While many differences exist between reverse harem and traditional harem novels, both do include a strong emphasis on family dynamics within the harem. As Orientalist romance scholar Hsu-Ming notes, the “crucial relationship in the harem is not simply between sultan and slave, but that a woman’s power is forged through her relationships with family… love is indeed possible in the harem: not merely between sultan and slave, but among women who support and are loyal to each other” (Teo, 26). This family loyalty and love is a central theme of reverse harem novels. Many times, the men already know each other and consider themselves as a family unit by the time they meet the leading female, as in Kristy Cunning’s Four Psychosand Jane Washington’s Charcoal Tears. Sometimes the men may all be brothers, or at least some are related, like in Tate James’ The Vixen’s Leadand Jaymin Eve and Jane Washington’s Trickery. The woman joins this established family dynamic. Even if the men do not start out as a family unit, their close relationship with the heroine brings them all closer together. The sense of connection between the male protagonists is also what keeps the harem from breaking up or resorting to fighting or extreme jealousy.


The popular Twitter hashtag #whychoose reveals the reason many authors say they love this subgenre: the idea of giving the female protagonist power to do what she wants, taking away the necessary choices placed on her by society. When asked about the popularity of reverse harems, G. Bailey comments that “I let my [main character] choose her own fate without any limits. The beauty of the Reverse harem sub-genre is that it is so free and empowering for women… Reverse harem shows that the main character can be a woman, and have several men love her, and she is strong enough to love them all.”. Though the subgenre is only five years old, it is already making an impact on the western romance reader. These strong women and their devoted and equally powerful mates are redefining what romance means and how love can be expressed.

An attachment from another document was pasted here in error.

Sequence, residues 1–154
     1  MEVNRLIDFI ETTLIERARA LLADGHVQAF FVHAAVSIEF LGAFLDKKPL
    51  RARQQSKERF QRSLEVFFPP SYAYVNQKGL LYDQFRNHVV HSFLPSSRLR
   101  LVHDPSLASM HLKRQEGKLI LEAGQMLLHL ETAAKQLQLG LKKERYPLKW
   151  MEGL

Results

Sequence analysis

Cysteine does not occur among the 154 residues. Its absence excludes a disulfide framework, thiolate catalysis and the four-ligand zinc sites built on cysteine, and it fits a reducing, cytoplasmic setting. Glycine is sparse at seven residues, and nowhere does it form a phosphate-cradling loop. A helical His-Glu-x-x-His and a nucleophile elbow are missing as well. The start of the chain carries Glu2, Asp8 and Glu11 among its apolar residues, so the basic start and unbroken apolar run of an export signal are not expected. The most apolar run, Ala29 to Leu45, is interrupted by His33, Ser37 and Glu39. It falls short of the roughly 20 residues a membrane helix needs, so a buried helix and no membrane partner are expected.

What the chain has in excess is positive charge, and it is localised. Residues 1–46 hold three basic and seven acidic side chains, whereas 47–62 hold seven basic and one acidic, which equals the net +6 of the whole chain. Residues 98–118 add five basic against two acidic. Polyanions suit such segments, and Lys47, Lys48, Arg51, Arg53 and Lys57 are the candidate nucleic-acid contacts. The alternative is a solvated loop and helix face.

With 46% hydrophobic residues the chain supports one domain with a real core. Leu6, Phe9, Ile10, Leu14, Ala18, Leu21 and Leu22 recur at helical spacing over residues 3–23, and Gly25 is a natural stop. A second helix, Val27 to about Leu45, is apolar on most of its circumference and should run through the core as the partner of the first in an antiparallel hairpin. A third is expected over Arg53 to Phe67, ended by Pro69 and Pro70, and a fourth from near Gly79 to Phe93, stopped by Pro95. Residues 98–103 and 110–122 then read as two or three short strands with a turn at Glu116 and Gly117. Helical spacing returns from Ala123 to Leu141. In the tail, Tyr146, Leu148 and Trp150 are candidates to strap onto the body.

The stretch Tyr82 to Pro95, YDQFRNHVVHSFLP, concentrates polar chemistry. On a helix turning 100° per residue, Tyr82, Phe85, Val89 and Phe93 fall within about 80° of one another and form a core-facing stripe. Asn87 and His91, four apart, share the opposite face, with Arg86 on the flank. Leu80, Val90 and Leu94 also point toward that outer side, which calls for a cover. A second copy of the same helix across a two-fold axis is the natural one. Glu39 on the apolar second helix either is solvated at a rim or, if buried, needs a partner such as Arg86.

Alexander, Matthew. &#;Omamori Himari Vol. #12 Manga Review (Series Finale).&#; The Fandom Post. March 19, Accessed April 11,

Amy. &#;Review: Introductions by C.L. Stone.&#; Pages of Starlight. January 01, Accessed February 22,